Chow Town

There is such a thing as a good barbecue snob

By Ardie A. Davis

We don’t take kindly to snobbery in Chow Town. Humility is a Chow Town value.

We are proud of our barbecue. We love it when out-of-chow-towners rave about our ribs, our brisket, burnt ends, rib tips, pork butt, sausages and our wealth of inventive barbecue sandwiches.

We’re passionate about our barbecue, but snobbery does not become us.

On the other hand, if you’ve judged at a local barbecue contest or overheard a zealous critic at a table near you in a local barbecue joint, you know we have some barbecue snobs in Chow Town.

They aren’t humble about rendering their verdict on good barbecue or bad barbecue.

“These ribs are so salty I’ll need a pitcher of beer to cleanse my palate,” they might say. Or, “Somebody call 911. This sandwich is so bad the pitmaster ought to be arrested!”

Our favorite Chow Town artist/cartoonist, Charlie Podrebarac, has sketched some classic caricatures of local barbecue snobs. One of my favorites is his “Barbeque Sauce Snobs,” depicting three righteous sauce flamers.

There are bad snobs and there are good snobs. I didn’t know the latter existed until I met one. Bad barbecue snobs are narcissistic and intolerant of the views of others, especially when those views are contrary to the snobs’ opinions. They fancy themselves as the Keepers of “BBQ Truth,” the only ones who grasp the “Big Picture.”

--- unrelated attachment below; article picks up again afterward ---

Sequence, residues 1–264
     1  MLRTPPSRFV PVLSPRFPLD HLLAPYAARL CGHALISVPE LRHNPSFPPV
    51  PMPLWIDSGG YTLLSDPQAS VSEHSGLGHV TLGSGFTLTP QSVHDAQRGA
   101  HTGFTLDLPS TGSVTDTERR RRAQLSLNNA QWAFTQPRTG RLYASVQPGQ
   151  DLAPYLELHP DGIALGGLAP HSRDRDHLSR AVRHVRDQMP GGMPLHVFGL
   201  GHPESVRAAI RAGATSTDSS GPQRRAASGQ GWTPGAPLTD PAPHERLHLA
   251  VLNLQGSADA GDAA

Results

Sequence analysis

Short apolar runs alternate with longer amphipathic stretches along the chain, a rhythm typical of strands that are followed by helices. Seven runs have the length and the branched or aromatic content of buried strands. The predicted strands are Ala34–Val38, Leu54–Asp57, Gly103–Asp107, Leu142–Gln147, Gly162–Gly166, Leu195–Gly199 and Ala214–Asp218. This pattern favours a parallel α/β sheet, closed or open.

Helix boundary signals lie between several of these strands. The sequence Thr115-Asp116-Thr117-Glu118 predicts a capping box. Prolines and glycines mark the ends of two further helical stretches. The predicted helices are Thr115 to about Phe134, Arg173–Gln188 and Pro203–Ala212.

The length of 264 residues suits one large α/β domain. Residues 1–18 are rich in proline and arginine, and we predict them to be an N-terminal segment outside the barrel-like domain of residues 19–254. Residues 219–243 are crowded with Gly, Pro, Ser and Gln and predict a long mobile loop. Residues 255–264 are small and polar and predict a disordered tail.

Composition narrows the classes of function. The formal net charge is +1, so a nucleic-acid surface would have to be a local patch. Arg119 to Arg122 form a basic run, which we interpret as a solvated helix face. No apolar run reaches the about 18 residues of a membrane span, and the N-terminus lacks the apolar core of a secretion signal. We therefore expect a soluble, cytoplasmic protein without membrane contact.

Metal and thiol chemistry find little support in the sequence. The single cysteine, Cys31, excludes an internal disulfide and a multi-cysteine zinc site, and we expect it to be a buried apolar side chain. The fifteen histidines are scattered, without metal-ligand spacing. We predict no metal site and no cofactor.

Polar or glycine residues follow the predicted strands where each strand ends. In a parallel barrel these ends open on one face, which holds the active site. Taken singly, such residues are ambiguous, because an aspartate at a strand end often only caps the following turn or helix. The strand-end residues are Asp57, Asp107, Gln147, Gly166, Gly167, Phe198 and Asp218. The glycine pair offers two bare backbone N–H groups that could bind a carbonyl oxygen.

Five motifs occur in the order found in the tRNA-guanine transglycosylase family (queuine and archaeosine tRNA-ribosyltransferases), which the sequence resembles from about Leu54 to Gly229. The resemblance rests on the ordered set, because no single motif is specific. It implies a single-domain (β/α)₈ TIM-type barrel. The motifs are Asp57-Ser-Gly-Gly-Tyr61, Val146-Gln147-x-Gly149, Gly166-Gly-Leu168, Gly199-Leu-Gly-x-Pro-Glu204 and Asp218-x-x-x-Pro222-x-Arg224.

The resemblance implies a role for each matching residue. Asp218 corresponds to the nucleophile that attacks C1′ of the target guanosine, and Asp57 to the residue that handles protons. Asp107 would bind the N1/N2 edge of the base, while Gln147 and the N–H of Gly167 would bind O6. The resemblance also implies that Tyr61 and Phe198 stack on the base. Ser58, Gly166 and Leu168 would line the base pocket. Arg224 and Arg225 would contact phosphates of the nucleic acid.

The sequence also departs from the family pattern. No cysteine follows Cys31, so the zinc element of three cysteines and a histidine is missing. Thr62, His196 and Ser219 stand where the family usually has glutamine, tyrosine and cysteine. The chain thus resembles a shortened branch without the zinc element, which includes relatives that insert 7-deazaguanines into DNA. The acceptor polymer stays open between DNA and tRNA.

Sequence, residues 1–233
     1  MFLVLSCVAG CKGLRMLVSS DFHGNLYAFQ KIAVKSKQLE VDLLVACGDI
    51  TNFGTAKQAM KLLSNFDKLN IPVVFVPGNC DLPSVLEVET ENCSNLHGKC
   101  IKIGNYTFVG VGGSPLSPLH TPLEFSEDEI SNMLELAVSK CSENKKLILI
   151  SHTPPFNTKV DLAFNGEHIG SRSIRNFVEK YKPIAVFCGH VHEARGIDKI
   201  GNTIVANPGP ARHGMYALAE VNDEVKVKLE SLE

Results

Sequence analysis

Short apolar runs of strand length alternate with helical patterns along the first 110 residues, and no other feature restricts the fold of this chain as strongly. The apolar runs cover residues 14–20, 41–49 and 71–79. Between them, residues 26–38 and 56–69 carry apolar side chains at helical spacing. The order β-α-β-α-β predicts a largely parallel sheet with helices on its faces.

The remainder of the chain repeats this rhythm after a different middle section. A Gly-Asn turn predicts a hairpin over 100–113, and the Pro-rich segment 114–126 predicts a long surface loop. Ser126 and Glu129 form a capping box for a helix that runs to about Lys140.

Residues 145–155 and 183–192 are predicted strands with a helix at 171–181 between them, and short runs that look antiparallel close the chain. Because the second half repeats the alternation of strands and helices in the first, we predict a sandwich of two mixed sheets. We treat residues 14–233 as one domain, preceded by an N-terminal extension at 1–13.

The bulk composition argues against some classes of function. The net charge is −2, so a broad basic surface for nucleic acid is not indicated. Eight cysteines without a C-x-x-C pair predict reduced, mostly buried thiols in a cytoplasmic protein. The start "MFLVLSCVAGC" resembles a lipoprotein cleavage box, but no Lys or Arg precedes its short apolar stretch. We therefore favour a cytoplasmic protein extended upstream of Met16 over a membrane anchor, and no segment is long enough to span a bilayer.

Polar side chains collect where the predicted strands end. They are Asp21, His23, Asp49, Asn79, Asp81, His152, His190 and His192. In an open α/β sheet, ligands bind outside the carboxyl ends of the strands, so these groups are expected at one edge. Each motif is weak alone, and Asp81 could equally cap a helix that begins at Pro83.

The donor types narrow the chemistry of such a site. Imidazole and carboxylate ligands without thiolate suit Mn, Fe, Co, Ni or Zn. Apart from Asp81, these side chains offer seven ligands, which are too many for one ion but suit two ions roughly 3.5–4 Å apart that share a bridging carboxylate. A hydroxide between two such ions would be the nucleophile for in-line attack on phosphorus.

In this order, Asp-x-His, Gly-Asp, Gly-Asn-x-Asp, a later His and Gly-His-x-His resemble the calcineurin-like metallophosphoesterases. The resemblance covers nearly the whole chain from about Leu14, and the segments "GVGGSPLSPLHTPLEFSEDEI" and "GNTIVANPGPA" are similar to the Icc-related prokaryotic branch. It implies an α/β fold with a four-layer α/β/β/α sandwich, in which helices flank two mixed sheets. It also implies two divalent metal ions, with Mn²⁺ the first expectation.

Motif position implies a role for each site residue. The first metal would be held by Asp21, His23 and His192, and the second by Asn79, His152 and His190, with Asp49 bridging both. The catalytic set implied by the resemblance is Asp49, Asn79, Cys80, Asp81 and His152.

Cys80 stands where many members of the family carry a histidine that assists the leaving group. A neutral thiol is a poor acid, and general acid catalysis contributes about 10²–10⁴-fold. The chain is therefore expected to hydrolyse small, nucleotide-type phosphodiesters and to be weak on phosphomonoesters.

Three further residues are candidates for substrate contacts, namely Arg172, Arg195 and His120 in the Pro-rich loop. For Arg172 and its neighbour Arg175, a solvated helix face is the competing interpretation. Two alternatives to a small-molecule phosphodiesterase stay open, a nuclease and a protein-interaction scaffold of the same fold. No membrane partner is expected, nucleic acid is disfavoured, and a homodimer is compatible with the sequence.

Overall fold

To everything there’s an opposite. That truth about barbecue snobbery is personified in “Texas Monthly” barbecue editor Daniel Vaughn. Vaughn epitomizes the opposite of bad barbecue snobbery.

He is one of the good ones. Visiting with Vaughn, reading his blog, tweets, articles and his new book is a lesson in barbecue snobbery at its best. He tells it like he sees it and tastes it, without posturing as the sole expert and last word on the quality of anyone’s barbecue.

He is always about the barbecue and the people who make it. His respect for and understanding of those pitmasters who have dedicated their lives to the pursuit of barbecue excellence and making a living at it is always evident, even when a pitmaster falls short of the mark on any given day.

Treat yourself to Daniel Vaughn’s barbecue classic, “The Prophets of Smoked Meat: A Journey Through Texas Barbecue,” with artful, inspiring, often mouth-watering photographs by Nicholas McWhirter (An Anthony Bourdain Book, 2013), and don’t go to Texas without it.

We love our barbecue in Chow Town, but we allow that we owe a debt or two to Texans who helped put us on the barbecue map. Barbecue snobs like Daniel Vaughn are always welcome here.

Ardie Davis is an iconic figure in the barbecue community. He founded a sauce contest on his backyard patio in 1984 that became the American Royal International Barbecue Sauce, Rub & Baste contest. He is a charter member of the Kansas City Barbeque Society and an inductee into the KCBS’s Hall of Flame. He has been interviewed on numerous food shows and writes for a variety of barbecue-related publications. He is also the author of a number of barbecue books, His most recent release book is “America’s Best BBQ Homestyle: What Champions Cook in Their Own Backyards.”